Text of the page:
The Army of Tennessee was under the command of Joseph E. Johnston during the Atlanta Campaign and consisted of three corps—I Corps, designated Hardee’s Corps; II Corps, designated Hood’s Corps; and III Corps, designated Polk’s Corps—in addition to a cavalry corps, designated Wheeler’s Corps, and an artillery reserve under Brigadier General Francis A. Shoup. Throughout the first phase of the campaign, Johnston responded to Sherman’s attacks by steadily falling back on the city. After the Battle of Pace’s Ferry (July 5, 1864), President Jefferson Davis replaced Johnston with the aggressive Hood, whose attempts at counterattack, from the Battle of Peachtree Creek (July 20, 1864) through the Battle of Jonesborough (August 31–September 1, 1864), failed to prevent the fall of Atlanta and the surrounding area.

Defeated at Atlanta, Hood and the Army of Tennessee marched west while Sherman, leaving an occupying force in Atlanta, commenced his March to the Sea. While Sherman marched east, he assigned the Army of the Ohio (John M. Schofield) and the Army of the Cumberland (George H. Thomas) to deal with Hood in Tennessee. On November 29, 1864, Hood engaged Schofield at Spring Valley, intending to destroy his outnumbered forces. He failed, and Schofield advanced to Franklin, not far from Nashville. On November 30 Hood made a reckless assault against Schofield’s well-entrenched army and was repulsed with the loss of more than 6,000 men killed and wounded. Six Confederate generals died in the battle.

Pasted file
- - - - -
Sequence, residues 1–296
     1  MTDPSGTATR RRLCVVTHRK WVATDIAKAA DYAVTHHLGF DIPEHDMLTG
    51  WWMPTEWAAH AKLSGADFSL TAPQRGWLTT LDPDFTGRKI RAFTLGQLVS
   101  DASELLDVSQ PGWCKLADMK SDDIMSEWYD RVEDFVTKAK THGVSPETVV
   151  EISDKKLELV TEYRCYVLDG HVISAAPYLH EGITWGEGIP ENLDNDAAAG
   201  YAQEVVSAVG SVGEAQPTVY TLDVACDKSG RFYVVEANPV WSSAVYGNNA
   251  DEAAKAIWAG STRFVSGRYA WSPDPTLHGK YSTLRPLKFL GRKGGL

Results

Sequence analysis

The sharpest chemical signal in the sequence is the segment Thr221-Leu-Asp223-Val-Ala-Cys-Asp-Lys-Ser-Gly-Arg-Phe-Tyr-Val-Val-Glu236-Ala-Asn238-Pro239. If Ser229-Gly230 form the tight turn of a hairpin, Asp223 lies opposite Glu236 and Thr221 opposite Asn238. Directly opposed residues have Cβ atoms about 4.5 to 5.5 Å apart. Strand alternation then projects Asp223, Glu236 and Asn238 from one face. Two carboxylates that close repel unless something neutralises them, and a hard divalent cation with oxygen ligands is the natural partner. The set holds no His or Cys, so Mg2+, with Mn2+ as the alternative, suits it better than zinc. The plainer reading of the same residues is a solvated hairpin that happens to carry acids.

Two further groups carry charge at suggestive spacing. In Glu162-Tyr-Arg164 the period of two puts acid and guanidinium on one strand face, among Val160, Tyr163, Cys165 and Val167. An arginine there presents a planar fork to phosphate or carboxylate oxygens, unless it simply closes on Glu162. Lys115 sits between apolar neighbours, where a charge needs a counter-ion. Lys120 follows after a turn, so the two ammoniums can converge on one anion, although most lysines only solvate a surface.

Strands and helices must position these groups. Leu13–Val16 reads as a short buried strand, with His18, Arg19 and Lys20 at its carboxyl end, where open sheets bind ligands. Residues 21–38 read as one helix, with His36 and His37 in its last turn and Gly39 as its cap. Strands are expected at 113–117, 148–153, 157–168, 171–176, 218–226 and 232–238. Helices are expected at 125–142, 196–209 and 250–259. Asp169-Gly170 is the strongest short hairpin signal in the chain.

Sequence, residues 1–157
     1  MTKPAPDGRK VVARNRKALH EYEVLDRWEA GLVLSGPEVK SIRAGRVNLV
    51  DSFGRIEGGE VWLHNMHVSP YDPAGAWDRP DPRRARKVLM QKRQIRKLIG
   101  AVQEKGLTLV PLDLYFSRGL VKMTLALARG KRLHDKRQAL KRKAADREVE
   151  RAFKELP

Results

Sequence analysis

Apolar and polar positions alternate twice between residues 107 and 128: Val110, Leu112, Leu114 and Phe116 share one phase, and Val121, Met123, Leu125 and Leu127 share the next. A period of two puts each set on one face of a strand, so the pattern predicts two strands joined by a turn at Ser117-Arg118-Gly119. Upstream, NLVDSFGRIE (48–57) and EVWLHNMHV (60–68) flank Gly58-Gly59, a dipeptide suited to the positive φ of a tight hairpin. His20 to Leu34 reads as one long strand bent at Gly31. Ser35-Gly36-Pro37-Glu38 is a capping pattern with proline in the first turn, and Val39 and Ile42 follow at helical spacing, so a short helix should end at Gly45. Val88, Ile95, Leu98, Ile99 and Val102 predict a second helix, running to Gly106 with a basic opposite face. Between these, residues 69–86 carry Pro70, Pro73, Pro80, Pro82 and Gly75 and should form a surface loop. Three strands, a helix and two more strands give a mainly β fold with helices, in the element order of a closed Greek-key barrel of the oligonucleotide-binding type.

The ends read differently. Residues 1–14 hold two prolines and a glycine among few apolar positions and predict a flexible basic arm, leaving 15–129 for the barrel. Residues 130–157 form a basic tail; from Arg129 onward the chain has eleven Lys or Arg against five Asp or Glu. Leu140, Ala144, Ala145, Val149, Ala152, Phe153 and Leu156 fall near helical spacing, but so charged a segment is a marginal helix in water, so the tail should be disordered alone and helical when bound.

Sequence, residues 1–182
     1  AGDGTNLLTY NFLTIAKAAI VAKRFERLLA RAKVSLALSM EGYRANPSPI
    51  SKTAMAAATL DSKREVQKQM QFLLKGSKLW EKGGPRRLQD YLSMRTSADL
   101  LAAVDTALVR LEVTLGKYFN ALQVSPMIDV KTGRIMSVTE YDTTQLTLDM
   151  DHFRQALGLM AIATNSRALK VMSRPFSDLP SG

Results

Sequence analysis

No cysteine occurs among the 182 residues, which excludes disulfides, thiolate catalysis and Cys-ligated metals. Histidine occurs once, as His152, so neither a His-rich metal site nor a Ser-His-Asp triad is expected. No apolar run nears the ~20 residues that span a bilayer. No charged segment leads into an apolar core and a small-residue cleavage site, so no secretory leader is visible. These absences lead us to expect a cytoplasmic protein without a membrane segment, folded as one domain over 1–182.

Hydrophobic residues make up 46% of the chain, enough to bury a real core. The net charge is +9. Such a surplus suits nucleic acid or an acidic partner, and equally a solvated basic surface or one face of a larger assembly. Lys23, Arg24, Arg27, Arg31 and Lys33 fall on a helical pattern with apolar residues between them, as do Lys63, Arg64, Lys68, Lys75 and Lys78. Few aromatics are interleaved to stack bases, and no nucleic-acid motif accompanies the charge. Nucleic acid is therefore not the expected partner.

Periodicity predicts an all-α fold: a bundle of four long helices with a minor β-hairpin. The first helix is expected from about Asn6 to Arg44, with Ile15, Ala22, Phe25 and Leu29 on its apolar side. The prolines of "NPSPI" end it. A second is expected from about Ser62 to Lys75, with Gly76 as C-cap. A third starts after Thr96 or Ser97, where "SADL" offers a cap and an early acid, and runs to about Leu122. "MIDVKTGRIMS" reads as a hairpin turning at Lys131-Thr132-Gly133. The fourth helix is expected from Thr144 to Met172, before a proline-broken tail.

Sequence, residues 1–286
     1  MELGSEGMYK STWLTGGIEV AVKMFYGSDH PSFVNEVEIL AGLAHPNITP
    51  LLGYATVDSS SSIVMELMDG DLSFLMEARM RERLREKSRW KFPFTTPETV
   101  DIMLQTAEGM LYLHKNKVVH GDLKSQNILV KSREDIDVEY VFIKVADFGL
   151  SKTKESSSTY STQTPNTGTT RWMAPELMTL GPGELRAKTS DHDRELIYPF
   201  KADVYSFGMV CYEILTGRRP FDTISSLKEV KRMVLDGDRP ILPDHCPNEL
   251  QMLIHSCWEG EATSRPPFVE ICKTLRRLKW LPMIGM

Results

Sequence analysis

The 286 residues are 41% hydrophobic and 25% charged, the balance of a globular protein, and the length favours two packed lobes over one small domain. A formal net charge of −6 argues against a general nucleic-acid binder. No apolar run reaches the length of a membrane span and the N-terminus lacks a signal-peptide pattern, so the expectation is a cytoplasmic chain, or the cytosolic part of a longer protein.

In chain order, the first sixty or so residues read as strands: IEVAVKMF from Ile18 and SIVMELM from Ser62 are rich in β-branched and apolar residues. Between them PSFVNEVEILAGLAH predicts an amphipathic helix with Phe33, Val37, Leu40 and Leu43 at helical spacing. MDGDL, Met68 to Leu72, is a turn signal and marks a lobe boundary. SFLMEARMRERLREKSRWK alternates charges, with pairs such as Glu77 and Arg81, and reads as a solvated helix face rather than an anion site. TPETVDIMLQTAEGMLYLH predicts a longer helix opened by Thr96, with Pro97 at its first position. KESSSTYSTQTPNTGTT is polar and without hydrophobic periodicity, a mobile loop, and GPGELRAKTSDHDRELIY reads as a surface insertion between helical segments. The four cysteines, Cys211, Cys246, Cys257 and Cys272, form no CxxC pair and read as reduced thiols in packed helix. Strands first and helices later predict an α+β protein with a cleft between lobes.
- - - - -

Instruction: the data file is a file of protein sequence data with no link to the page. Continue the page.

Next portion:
Bloodied but unbowed, the Army of Tennessee (numbering about 30,000 at this point) advanced on Nashville, which was defended by some 55,000 men of Thomas’s Army of the Cumberland. Despite the odds, Hood positioned his army south of the city on December 2. After a delay caused by winter weather, Thomas attacked on December 15, shattering the Army of Tennessee by the next day.

The Battles of Franklin and Nashville decimated the Army of Tennessee, but, once again under the command of Joseph E. Johnston, it marched toward the Carolinas. Johnston’s objective was to consolidate with the remaining forces under Beauregard, Hardee, and Bragg to arrest Sherman’s devastating advance through the Carolinas. The Army of Tennessee fought at Aiken (February 11, South Carolina; Confederate victory), Monroe’s Crossroads (March 10, North Carolina; inconclusive), and Averasborough (March 16, North Carolina; inconclusive) before the final showdown at Bentonville (March 19-21, North Carolina; Union victory). Johnston’s battered army fought gallantly, doing great damage to Union general O. O. Howard’s XIV Corps before Union counterattacks arrested Johnston’s offensive thrust. The Army of Tennessee and units consolidated with it retreated toward Raleigh. Sherman failed to pursue. For his part, however, Johnston believed the Army of Tennessee and the rest of the CSA were finished. He held a grand review of his forces on April 6 at Selma, North Carolina, and surrendered to Sherman on April 26.